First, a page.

Just now, I was moderating a session with Joseph Briggs. He's the Goldman Sachs economist who put out a pretty influential report in March around the impact on jobs.

And what he's determined is that roughly 2/3 of American jobs are potentially impacted in some way by generative AI and 2/3 of tasks and 25% of jobs. He's actually relatively optimistic. He thinks there's a period perhaps of dislocation that involves what Tom is talking about, but that the increased productivity from AI will result in a net increase in jobs.

And so then the question that brings you to is, "How do we make sure that people have the skills that they need?" And I think that conversation is really ongoing.

I spoke with the head of Grow with Google, which is a program for certification around areas like cybersecurity. And they and others are pitching these training programs that are not university degrees, but actually micro-certifications. They're a shorter course that you can do to get certified and be in a pipeline for some of these other jobs that are growing as opposed to ones that are endangered by AI.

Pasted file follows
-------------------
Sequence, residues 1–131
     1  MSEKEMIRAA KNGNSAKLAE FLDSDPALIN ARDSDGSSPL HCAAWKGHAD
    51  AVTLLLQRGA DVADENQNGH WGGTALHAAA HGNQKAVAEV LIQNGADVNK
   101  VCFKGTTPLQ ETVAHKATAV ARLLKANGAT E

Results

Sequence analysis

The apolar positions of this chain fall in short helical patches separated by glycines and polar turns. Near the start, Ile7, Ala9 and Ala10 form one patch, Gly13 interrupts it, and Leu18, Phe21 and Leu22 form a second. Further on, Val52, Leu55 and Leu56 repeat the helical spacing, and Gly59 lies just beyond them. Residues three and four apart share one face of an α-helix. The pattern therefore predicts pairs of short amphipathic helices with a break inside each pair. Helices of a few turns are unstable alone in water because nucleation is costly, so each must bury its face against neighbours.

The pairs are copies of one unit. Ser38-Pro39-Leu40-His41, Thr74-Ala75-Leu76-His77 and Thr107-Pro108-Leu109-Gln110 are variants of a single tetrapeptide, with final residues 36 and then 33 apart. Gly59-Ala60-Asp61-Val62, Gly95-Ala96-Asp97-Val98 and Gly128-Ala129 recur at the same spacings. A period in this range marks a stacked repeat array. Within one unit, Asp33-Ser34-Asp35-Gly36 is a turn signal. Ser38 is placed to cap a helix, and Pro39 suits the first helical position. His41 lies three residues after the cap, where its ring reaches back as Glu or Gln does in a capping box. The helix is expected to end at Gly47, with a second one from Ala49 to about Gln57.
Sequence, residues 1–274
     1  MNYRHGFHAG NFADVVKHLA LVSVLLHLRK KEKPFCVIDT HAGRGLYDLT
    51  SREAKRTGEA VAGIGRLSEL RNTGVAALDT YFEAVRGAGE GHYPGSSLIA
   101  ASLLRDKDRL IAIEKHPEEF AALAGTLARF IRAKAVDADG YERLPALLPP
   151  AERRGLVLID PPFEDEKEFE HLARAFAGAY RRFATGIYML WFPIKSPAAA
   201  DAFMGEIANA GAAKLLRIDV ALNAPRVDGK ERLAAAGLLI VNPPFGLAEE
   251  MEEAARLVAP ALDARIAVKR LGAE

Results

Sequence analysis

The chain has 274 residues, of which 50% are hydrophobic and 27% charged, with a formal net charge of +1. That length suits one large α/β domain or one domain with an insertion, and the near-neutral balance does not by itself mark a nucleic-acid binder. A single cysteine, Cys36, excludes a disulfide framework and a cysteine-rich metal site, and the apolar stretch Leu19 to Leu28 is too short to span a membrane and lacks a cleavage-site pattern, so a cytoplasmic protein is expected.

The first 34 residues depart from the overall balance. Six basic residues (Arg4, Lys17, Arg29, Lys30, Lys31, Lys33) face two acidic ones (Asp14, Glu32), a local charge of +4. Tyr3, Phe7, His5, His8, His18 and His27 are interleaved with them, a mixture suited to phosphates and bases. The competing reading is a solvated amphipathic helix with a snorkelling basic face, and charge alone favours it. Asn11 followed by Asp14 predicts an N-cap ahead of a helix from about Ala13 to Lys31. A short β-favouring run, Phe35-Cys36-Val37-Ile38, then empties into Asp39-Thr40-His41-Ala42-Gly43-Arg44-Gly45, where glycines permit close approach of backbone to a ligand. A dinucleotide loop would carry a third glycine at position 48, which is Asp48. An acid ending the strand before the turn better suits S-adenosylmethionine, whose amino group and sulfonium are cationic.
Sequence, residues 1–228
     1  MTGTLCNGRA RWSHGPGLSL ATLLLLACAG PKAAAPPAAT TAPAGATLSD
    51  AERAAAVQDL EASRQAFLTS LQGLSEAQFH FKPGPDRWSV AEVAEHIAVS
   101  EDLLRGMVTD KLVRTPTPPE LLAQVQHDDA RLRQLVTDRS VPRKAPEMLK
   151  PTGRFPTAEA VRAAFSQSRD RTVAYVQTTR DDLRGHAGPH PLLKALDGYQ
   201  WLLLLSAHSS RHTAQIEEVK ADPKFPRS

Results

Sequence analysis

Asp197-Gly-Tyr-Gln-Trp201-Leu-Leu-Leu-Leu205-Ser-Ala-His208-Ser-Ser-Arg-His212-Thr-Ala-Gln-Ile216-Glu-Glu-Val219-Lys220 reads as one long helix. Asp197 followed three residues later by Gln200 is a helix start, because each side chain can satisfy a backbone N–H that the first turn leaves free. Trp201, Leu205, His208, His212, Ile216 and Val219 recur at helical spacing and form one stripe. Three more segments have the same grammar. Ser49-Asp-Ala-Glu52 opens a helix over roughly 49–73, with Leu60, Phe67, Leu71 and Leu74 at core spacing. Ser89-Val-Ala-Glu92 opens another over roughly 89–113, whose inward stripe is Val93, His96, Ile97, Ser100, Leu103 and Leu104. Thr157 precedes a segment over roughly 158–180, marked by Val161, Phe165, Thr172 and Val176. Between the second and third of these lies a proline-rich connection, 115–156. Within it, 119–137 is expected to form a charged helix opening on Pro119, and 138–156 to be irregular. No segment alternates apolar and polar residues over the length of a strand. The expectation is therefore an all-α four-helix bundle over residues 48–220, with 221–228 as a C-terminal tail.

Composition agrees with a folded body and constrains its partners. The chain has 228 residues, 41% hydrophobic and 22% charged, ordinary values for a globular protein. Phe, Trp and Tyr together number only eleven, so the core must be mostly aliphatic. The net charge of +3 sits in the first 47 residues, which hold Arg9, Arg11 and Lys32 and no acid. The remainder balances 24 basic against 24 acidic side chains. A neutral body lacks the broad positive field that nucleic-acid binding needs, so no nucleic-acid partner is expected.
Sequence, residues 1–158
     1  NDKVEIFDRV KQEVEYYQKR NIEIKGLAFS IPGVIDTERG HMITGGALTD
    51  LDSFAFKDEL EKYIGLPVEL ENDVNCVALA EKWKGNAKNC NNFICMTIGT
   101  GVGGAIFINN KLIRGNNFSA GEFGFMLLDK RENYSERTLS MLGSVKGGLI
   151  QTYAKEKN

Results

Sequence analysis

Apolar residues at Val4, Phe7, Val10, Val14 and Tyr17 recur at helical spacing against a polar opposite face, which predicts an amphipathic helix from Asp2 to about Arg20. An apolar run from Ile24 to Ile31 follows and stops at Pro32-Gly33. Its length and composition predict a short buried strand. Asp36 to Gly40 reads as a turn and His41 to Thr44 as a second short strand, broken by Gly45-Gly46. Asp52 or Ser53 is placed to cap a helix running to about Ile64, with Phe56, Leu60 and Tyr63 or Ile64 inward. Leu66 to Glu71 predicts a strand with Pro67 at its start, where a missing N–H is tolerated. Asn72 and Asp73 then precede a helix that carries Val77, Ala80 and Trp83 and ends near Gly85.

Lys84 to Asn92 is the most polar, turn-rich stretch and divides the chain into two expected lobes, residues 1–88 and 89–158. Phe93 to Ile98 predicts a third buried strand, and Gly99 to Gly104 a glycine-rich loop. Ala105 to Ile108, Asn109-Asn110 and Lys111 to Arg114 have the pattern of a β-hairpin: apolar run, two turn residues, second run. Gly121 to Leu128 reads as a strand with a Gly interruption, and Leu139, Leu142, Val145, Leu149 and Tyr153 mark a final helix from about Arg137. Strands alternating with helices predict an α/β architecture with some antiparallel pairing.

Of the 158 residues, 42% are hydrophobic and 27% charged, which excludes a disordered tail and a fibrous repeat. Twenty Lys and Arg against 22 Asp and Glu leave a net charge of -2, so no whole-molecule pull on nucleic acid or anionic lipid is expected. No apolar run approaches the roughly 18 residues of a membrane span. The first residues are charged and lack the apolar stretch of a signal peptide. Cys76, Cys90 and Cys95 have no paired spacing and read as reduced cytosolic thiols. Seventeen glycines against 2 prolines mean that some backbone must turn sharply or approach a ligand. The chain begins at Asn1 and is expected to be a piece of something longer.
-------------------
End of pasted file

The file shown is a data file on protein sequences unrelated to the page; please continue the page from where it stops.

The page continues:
One last interesting thing, Andy Bird, the CEO of Pearson, was on one of the panels and he was saying that they've done an in-depth analysis of the skills that are needed for specific jobs. And they looked, for example, at accountants who are viewed as fairly susceptible to being automated and losing their jobs to AI. They have 75% of the skills when you break it down of data analysts. And so the question is, "How do you get them the other 25% which they've identified and how do you, smoothly, get them the other 25% to become data analysts, which is a career which has more of an open prospective in front of it and is less likely to be automated?"

Tanzina: I imagine a lot of younger folks right who are maybe graduating from college are looking at this and realizing they might need those skills right away.

But there are the sort of mid-career folks who are the ones who need to adapt more quickly to this new, and when I say new, I mean just within the past couple of months, generative AI, as it has become the conversation.

So is upskilling something that's really focused on that mid-career worker who could find themselves in the middle of potentially job loss or just irrelevance?

Kevin: I think it's a good point. And someone today made the point that, we focus a lot on the educational system, but the truth is that education, particularly now, is something that is a lifelong thing. It's not just educating the high school kids so that their skills are relevant to employment in the coming years, but it is actually, to your point, looking at people who are farther along in their career and then figuring out how to get them those skills.